Making the right choice is an art

Making the right choice is an art

How do we make the decision to remove all of our clothes and then run out onto the ground in front of 50,000 spectators? According to 23-year-old plumber and gas-fitter Ben Jenkins, after a period of contemplation, the decision to be the first streaker at the new Perth stadium last week was due to "peer pressure".

It can be instructive to strip down decisions to understand how they were made. It can improve our decision-making by pointing to flaws in our processes, and it can also help us to appreciate the strengths and weaknesses of any decision.

Illustration: Kerrie Leishman

Illustration: Kerrie Leishman

The ingredient in a good decision that is most commonly recommended is information. The informed decision is held to be a good decision. By contrast, poor decisions are frequently held to be misinformed. This type of argument is rolled out frequently by policy types trying to help young people make career decisions. The more information you can throw at them, the better their career decisions will be.

However, insisting on information can segue into prevarication, because too much information is never enough. Ironically it can also lead to misinformed decisions that are based on out-of-date, or just plainly false, data. A little bit of knowledge can be a dangerous thing, and in the hands of the decision-maker who mistakes a few facts for a final argument, the results can be unfortunate.

Reasoning, that is clear, measured, reasoned, slow, and fully articulated (explicit) frequently has the hallmark of a wise decision. Judicial decisions, royal commissions and the like have authority in part due to this deliberative process. However, they can take a long time, and are not always the answer if more urgent action is required.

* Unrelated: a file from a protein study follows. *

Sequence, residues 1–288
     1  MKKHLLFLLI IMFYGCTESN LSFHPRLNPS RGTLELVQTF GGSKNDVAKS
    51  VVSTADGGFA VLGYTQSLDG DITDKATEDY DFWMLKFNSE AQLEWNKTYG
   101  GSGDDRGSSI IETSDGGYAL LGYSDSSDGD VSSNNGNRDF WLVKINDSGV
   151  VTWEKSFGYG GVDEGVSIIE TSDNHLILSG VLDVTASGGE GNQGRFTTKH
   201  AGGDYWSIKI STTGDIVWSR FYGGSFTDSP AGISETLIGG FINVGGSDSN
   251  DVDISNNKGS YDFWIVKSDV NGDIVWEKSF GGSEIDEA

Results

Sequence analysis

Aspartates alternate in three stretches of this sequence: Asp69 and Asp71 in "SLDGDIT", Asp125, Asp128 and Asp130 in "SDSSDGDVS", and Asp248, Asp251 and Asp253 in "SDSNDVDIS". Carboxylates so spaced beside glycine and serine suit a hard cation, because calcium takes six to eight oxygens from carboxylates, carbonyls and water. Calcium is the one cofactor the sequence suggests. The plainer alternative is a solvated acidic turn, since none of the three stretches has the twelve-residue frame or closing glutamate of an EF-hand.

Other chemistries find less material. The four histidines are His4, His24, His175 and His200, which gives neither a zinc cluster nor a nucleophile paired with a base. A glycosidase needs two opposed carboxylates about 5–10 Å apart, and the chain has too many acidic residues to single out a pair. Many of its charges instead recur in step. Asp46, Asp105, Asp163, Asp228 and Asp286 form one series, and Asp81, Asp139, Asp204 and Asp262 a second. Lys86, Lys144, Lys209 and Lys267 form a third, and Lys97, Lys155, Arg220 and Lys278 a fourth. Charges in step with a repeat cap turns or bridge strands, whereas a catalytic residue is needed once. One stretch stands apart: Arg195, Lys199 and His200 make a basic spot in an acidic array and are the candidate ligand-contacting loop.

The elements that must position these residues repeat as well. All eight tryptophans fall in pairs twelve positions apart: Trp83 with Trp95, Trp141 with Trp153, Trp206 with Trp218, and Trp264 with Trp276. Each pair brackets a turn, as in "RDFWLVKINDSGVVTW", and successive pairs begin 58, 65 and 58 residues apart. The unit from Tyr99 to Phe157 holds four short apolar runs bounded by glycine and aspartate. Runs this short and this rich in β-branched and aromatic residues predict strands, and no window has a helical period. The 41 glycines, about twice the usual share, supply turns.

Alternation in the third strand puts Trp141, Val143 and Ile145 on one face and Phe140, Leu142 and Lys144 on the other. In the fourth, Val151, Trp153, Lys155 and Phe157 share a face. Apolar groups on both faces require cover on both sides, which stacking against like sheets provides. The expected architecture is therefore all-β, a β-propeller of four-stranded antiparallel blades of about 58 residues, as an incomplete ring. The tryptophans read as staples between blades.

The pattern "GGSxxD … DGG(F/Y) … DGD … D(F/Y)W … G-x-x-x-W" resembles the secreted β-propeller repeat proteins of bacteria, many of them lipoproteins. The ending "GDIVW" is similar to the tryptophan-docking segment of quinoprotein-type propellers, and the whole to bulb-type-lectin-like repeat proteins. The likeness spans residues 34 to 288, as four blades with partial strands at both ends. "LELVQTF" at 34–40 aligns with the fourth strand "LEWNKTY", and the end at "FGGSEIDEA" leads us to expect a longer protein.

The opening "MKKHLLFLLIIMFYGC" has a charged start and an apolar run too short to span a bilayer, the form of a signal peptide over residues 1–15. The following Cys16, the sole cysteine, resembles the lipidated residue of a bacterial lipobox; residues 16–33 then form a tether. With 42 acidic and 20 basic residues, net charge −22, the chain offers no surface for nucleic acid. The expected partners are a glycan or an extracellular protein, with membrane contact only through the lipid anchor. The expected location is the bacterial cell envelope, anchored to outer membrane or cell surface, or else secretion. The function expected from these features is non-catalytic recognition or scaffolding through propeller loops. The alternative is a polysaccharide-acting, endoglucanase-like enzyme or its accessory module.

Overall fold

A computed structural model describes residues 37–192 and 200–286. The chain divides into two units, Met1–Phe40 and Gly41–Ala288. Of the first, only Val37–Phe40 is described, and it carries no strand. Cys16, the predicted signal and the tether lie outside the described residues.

Decisions can be individual or consultative. One is not necessarily better than the other. Crowds are not always wise, and consultation takes time, and can be subject to political processes such as lobbying. Individual decisions raise the spectre of self-interest. They are also more likely to be influenced by personal beliefs, implicit or explicit bias, emotional and reactive factors. In contrast decisions can be selfless and made for the benefit of the many at the personal cost of the decision-maker. Often such decisions are spurred by strong personal belief or conviction.

Some decisions are reactive or even peevish.

Lucien Freud, was reportedly so jealous of fellow artist Francis Bacon, that he purchased one of Bacon's best works and then refused all requests to display it publicly in retrospectives.

Some decisions are driven by hubris. There is nothing more guaranteed to screw up decision-making than a bit of success. The betting industry know that an early win can get a punter hooked, and their short-term loss, becomes a long term gain. Hubris – what could possibly go wrong, I am a genius-type thinking – can have catastrophic outcomes.

Snap or time-pressured decisions are not necessarily inferior to more deliberative processes. There is much to be said for listening to the inner voice, intuition or hunch. Many's a time where good decisions are lost on the wind of voices of doubters. Sometimes the snap decision can be inspired.

The tragic decision makes for a better story, though not for the central character. The decision that unravels leading to ultimate destruction has long been a source of fascination. They become the cautionary tales and frequently the leadership case studies, and great works of theatre.

We should not need peer pressure to strip off the layers to see how we are swinging in our decisions. If we did it more often in life, it could lead to a lucky streak.

Jim Bright is Professor of career education and development at ACU and own Bright and Associates, a career management consultancy.

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